Tomorrow is the six month anniversary of Tommy's diagnosis. I won't share the statistics connected to this feat because they make me queasy, but just know, this is a HUGE milestone for esophageal cancer. We've been fighting for six months, and most days it feels like we've beat it. He can eat normally, is working like crazy, and even performed in an Off-Broadway show this past weekend (it's unreal I know, he's a superstar).
He has two rounds of chemo left before we see where we are at, and make the updated game plan. It's extremely exciting to imagine a near future with fewer appointments, less chemo poison, less fatigue, and honestly, just less day-to-day cancer life.
Last weekend, we met up with some friends who are dealing with a similar situation. They have often been resources for us, as their cancer journey began a few years ago. They had recently received a clean scan and were talking about how they wrestle with the celebration versus the anxiety of the scans to come. Then they said something that really spun my head, and settled my heart. "This is a chronic illness for us, so we just enjoy the good days, and then treat the flare-ups that arise."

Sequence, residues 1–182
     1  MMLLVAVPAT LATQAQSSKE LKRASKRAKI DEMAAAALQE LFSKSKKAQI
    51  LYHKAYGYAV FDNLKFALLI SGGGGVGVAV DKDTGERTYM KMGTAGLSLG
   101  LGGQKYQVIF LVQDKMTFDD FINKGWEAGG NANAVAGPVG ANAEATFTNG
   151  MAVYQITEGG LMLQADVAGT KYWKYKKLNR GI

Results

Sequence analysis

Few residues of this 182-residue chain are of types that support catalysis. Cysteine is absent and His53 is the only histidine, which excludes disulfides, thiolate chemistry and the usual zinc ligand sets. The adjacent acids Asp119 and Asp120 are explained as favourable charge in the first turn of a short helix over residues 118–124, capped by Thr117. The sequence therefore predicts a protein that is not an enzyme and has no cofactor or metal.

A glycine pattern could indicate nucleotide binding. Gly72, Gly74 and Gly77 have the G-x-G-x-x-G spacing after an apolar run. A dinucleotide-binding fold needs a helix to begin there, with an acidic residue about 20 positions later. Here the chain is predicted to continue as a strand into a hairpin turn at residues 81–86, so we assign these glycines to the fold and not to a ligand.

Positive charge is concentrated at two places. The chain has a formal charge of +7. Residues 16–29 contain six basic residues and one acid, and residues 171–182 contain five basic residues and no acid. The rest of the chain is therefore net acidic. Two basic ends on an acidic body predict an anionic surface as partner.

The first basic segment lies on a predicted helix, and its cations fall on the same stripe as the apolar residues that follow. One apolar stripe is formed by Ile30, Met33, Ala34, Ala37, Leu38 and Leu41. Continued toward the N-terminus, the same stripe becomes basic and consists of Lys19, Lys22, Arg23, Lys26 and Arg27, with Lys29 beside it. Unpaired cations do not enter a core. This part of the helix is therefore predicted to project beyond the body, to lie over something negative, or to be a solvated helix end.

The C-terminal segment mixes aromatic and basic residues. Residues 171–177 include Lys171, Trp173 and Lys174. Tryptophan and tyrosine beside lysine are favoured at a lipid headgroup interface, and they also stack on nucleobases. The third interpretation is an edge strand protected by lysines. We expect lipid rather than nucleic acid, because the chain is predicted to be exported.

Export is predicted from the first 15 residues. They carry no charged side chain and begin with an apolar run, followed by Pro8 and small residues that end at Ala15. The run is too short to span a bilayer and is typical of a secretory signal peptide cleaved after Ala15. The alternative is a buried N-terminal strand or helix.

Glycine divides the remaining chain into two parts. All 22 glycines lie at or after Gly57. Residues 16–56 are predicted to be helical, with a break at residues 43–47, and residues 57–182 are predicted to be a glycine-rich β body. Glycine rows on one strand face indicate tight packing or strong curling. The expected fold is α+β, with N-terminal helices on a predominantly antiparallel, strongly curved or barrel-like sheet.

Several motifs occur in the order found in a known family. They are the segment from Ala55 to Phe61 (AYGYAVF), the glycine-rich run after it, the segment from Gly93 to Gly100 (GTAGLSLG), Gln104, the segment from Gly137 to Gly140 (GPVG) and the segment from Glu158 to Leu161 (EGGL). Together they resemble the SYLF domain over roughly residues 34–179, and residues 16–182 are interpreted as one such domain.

Up until this point, I had not allowed myself to accept that this is something we will carry with for the rest of our lives. I thought the idea of that would be too much to handle, but after I sat with their words for a while, I felt better. Better than I had in months. Why? Because allowing myself to label this as a "chronic illness" released me from the necessity of an end date. There was no stress about "being done". It's not going to be done...so just relax. It seems counterintuitive, but this concept has grounded me like nothing else.
Today is a good day, yesterday was a good day, tomorrow will probably be a good day, but if it's not...we'll just treat the flare-up...and then move onto the next good day. My fear of recurrence subsided. So what if it shows up again? We'll fight it until it's gone, just like we are doing now. This is a chronic, life long battle that we don't have to worry about today, and I can deal with that.
We're about to cross the "Finish Line" after six months of shock, fears, tears, chemo, radiation, surgery, recovery, chemo again, countless procedures, and hundreds (I'm serious) of appointments. All of that work has allowed us to now walk across the "Starting Line" of the rest of our lives. We know we can do it because we've already done it...and that's really cool.